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# Lecture 9: Diagnostics & Review - PowerPoint PPT Presentation

Lecture 9: Diagnostics & Review. February 10, 2014. Question. A least squares regression line is determined from a sample of values for variables x and y where x = size of a listed home (in sq feet) y = selling price of the home (in \$)

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### Lecture 9:Diagnostics & Review

February 10, 2014

A least squares regression line is determined from a sample of values for variables x and y where

x = size of a listed home (in sq feet)

y = selling price of the home (in \$)

Which of the following is true about the model b0 + b1x?

• If there is positive correlation r between x and y, then b1 must be positive

• The units of the intercept and slope will be the same as the response variable, y.

• If r2 = 0.85, then it is appropriate to conclude that a change in x will cause a change in y

• None of the above, more than one of the above, or not enough information to tell.

A least squares regression line is determined from a sample of values for variables x and y where

x = size of a listed home (in sq feet)

y = selling price of the home (in \$)

Which of the following is true about the model b0 + b1x?

• If there is positive correlation r between x and y, then b1 must be positive

b1 = r * sy / sx

So if r> 0, then b1 is positive because syand sx> 0

• Problem set 4 due (9am)

• How was it?

• Next week: Multiple Regression

• Exam Wednesday

• Sample question

• Taken from Exam 1 - #37 last year

• What did we talk about?

• Outliers

• Sensitivity analysis

• Heteroscedasticity

Common problems and fixes:

Say we’re estimating price of a lease by the size of the house:

Price = β0 + β1 * SqFt + ε

Interpretation of the estimates?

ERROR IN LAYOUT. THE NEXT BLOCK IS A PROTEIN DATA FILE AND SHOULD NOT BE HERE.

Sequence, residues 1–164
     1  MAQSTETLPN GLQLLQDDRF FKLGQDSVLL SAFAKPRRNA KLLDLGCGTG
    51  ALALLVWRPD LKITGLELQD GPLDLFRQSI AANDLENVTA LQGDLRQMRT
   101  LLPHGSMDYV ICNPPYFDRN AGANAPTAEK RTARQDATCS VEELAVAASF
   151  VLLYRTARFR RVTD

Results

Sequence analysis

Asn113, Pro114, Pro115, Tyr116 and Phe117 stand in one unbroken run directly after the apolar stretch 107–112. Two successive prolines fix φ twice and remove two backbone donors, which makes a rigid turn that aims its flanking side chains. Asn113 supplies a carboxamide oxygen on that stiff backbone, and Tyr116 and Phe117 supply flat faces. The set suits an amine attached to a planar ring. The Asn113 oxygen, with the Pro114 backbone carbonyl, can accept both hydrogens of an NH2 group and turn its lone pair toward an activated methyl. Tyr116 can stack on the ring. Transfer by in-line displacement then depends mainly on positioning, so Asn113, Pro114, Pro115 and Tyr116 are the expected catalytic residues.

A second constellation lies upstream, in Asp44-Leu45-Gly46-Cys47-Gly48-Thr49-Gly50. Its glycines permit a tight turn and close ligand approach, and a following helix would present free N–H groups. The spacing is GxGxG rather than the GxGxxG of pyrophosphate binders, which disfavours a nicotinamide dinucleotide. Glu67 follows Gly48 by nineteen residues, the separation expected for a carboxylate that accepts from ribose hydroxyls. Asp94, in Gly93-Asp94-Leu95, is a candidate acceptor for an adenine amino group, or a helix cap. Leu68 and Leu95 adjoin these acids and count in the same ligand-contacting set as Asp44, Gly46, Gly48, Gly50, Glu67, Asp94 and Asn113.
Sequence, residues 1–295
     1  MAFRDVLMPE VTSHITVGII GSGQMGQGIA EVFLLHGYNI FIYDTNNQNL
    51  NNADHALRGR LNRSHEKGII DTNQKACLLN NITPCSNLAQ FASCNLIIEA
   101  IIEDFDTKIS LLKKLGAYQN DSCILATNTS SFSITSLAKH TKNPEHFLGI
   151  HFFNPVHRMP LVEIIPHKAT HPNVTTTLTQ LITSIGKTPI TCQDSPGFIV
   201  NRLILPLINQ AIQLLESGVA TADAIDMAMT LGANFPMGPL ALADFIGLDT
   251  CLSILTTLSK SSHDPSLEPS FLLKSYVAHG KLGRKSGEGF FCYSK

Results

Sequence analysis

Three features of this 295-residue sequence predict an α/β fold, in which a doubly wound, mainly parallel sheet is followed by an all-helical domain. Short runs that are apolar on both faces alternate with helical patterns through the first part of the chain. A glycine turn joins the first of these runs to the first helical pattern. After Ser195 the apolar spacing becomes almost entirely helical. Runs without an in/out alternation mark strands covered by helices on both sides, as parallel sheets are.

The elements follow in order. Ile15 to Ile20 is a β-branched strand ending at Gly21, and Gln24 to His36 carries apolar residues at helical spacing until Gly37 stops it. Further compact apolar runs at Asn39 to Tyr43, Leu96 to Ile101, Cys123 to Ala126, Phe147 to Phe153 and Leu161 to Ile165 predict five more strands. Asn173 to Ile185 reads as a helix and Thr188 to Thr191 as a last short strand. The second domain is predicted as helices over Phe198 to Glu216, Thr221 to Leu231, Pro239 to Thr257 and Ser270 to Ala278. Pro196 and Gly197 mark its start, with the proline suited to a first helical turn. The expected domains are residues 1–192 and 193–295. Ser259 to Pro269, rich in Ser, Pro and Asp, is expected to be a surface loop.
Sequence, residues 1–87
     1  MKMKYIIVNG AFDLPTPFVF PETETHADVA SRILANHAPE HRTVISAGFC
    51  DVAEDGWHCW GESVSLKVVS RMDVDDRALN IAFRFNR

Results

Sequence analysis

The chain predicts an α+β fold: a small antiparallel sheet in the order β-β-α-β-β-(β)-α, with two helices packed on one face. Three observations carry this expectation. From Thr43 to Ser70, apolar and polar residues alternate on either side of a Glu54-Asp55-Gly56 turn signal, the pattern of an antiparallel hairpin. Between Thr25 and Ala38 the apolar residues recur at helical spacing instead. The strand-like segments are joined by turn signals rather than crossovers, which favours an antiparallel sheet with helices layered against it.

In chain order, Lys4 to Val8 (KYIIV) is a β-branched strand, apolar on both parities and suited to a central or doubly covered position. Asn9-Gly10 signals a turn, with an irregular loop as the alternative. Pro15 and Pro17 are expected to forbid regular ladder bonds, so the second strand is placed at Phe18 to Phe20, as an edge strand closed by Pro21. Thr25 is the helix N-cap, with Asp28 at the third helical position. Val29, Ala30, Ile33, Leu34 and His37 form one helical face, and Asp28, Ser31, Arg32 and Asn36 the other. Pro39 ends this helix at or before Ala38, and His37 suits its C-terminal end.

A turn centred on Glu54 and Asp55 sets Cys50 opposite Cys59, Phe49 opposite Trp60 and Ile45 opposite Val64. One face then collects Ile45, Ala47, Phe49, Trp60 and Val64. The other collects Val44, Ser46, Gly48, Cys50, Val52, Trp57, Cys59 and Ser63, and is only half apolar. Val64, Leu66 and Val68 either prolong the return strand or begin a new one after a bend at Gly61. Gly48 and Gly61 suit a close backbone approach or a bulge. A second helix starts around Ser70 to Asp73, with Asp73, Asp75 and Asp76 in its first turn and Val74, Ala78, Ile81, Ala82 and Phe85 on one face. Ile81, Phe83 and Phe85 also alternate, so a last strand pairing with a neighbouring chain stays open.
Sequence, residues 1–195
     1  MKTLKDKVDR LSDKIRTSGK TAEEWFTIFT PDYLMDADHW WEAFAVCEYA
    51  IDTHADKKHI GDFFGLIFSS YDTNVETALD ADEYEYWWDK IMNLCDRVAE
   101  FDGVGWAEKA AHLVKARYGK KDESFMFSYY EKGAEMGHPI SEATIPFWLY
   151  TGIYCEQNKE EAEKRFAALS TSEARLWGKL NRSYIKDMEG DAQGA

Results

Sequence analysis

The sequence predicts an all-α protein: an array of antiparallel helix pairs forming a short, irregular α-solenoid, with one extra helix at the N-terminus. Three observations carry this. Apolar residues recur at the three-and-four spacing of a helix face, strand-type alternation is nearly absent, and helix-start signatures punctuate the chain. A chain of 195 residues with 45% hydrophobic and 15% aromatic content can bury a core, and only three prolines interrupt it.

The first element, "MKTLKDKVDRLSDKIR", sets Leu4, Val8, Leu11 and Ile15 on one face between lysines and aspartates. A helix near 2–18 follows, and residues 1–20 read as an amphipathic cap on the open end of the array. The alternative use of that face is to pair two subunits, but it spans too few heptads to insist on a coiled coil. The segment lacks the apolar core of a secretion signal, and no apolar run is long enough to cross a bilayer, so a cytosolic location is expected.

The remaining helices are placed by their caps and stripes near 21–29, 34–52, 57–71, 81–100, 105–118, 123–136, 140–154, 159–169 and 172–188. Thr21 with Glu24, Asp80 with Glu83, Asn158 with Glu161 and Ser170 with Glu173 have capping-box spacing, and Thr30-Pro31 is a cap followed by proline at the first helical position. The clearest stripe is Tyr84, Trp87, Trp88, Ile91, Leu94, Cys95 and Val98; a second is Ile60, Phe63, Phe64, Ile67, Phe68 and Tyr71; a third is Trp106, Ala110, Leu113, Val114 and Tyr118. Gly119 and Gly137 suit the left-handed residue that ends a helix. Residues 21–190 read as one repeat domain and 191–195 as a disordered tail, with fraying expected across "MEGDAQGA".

• β0would be fixed costs and

• β1would be marginal costs

Common Problems:Heteroscedasticity

Heteroscedasticity: What does that mean for your analysis?

• Point estimates for β’s?

• Still OK. No bias.

• Prediction and Confidence intervals?

• Not reliable; too narrow or too wide.

• Hypothesis tests regarding β0 and β1 are not reliable.

Common Problems:Heteroscedasticity

Fixing the problem:

• Revise the model: how will depend on the substance.

• Try revising the model to estimate Price/SqFt by dividing the original eq by SqFt:

• Notice the change in the

• intercept and slope:

• Don’t be locked into thinking the intercept is fixed cost

• How to interpret them depends

Common Problems:Heteroscedasticity

Fixing the problem:

Price/SqFt = M + F * (1/SqFt) + ε

• Revise by thinking about the substance

• Here it was predict price per sqft directly.

• Don’t revise by doing weird things

• Use theory!

• After revising, check if the residuals have similar variances?

• Sometimes they won’t.

• In this case they do:

Common Problems:Heteroscedasticity

Comparing the revised and original model:

• Revised model may have different (and smaller) R2.

• Again, so? R2 is great but it’s only one notion of fit.

• In the example, the revised model provides a narrower (hence better) confidence interval for fixed and variable costs:

Original Model

Revised Model

Original Model

Revised Model

Common Problems:Heteroscedasticity

Comparing the revised and original model:

• It also provides a more sensible prediction interval

• The data originally indicated that large homes varied in price more:

Common Problems:Heteroscedasticity

How do you know how to remodel the problem?

• Practice

• Creativity; try different things.

• There is no magic bullet; sometimes you can’t.

Common Problems:Correlated Errors

Problem: Dependence between residuals (autocorrelation)

• The amount of error (detected by the size of the residual) you make at observation x+ 1 is related to the amount of error you make at observation x.

• Why is this a problem?

• SRM assumes that the errors, ε, are independent.

• Common problem for time series data, but not just a time series problem.

• Recall the u-shaped pattern in one of the residual plots before